Causes of Paused or  Halted Trading in Company Stocks

0 min read
Image credit: Alex Proimos (Flickr)

Discovering Why Trading is Halted on One of Your Stocks

Fair and orderly trading is an admirable goal of any system of exchange. As part of this ideal, exchanges, the SEC, and brokers can temporarily halt trading in stocks. The impact of news, or tripped circuit breakers designed to decelerate snowballing reactions (both human and programmed reactions), are the most common reasons to halt trading. There have also been events when a computer glitch, either feeding into an exchange or into the exchange’s systems, has triggered a pause or a halt. A total of 77 stocks were reportedly halted after the opening on the NYSE (January 24). They were all labeled “LULD,” this code is used to indicate it was a volatility trading pause. But officials at the NYSE say they’re still looking into it.

Reasons to Halt Trading

Companies listed on a U.S. stock exchange are responsible for notifying the listing exchange about any announcements or corporate developments that might affect trading in its stock. These often include:

  • Changes related to the financial health of the company
  • Changes in key management individuals
  • Major corporate transactions like restructurings or mergers
  • Significant positive or negative information about its products
  • Legal or regulatory developments that affect the company’s ability to conduct business
  • A circuit breaker has been reached due to volatility

Stock Halt Codes

Each day the exchanges list stocks as they are paused or halted and include a code to indicate the reason. The codes help market participants understand for how long it may be halted and for what general reason. It’s a good idea to be familiar with the codes shown below.

LUDP or LULD: Volatility trading pause (high volatility risk for investors).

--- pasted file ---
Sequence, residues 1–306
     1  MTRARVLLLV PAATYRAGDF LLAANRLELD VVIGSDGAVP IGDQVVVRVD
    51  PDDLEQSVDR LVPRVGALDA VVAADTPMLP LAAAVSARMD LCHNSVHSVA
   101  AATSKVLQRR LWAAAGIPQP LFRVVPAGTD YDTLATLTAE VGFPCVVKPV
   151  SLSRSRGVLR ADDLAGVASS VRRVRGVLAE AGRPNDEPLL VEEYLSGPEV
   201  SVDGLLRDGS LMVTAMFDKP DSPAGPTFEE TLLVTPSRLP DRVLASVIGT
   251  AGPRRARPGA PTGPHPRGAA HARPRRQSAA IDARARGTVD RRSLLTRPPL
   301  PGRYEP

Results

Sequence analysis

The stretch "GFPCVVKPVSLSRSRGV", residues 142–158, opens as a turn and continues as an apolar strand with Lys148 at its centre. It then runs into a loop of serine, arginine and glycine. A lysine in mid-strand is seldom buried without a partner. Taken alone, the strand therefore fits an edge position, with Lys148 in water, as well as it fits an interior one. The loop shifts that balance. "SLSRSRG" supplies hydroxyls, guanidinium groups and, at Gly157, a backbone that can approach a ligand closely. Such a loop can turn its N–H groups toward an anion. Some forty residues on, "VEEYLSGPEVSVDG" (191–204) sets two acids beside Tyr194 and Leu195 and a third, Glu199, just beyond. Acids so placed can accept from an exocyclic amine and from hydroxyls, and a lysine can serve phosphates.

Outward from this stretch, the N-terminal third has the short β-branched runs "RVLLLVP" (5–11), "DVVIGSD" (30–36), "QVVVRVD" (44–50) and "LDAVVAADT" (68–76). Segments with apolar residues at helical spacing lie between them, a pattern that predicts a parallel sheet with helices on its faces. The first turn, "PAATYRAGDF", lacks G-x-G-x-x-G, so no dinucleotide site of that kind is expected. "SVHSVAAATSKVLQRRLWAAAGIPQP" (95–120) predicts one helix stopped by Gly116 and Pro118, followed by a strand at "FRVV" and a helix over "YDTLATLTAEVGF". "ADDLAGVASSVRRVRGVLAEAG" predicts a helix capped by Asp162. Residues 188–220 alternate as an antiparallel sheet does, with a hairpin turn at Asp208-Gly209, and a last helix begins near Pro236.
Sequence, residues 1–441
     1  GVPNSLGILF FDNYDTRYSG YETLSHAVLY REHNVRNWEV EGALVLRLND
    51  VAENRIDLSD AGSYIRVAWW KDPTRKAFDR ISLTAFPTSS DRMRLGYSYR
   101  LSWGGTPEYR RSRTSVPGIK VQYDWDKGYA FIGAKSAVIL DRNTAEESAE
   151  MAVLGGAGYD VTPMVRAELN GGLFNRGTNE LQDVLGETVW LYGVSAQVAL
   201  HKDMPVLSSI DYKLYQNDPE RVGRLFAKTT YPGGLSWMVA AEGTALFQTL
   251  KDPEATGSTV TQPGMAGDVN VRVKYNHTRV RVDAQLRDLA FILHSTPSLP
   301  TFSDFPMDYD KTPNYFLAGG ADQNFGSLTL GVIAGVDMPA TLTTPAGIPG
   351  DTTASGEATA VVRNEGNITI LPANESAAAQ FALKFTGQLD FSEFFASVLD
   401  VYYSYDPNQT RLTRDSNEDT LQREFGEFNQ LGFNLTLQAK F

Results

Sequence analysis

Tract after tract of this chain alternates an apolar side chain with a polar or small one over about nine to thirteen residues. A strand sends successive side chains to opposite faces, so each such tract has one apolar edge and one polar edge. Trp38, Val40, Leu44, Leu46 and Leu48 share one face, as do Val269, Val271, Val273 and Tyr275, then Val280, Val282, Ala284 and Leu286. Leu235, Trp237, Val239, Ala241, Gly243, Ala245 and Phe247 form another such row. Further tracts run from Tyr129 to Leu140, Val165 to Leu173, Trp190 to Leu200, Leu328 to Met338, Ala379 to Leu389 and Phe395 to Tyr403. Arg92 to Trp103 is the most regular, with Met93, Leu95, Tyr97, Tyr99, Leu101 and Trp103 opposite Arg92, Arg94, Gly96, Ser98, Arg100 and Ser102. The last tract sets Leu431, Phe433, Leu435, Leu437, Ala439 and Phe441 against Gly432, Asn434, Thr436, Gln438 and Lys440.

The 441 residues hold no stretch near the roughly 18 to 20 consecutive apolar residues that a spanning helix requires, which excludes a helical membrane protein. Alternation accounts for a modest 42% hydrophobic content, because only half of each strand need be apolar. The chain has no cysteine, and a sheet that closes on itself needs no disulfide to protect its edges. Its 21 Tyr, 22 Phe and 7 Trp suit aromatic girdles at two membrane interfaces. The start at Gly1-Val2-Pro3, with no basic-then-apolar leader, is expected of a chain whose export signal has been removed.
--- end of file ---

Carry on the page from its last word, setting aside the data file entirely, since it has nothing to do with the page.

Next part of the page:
T1: News pending (halted to give investors of all varieties ample time to evaluate).

H10: This is not enacted by the exchange but instead by the SEC (could be any number of regulatory reasons).

Image: Two of the many stocks halted on January 24, 2023 (NYSE Website)

The reason for the recent multiple stock pauses was available immediately on the NYSE website. Many of the stocks showed they were opening down substantially; the exchange says they are looking into this further.  

There are also times when a circuit breaker stops trading across the market exchange. This is not the reason for the multiple pauses experienced in January, but also worth mentioning. There are three levels of halt based on size of the markets (S&P 500) move.

Level 1: 15-minute halt due to a 7% decrease from the S&P 500’s previous close

Level 2: 15-minute halt due to a 13% decrease from the S&P 500’s previous close

Level 3: Day-long halt due to a 20% decrease from the S&P 500’s previous close

Take Away

When the market opens and it is not business as usual, a lot of frustration can be saved by knowing market rules and finding resources to get a fast answer. While other traders wait for their favorite news service to report on it, going directly to the NYSE website to, in this case, get a listing of affected stocks and why, can put you ahead of those that are waiting for CNBC or another news outlet. Nasdaq also will post paused or halted stocks and use the same codes as above to indicate why.

Paul Hoffman

Managing Editor, Channelchek



No comments yet...

Inbox Intel from Channelchek.

Informed investors make more money. And it’s all about timing. Get it when it happens.

By clicking submit you are agreeing to the Terms of Use and Privacy Policy
© 2018-2023 Noble Financial Group, Inc. All Rights Reserved. Channelchek is provided at no cost to be used for information purposes only and not as investment advisement.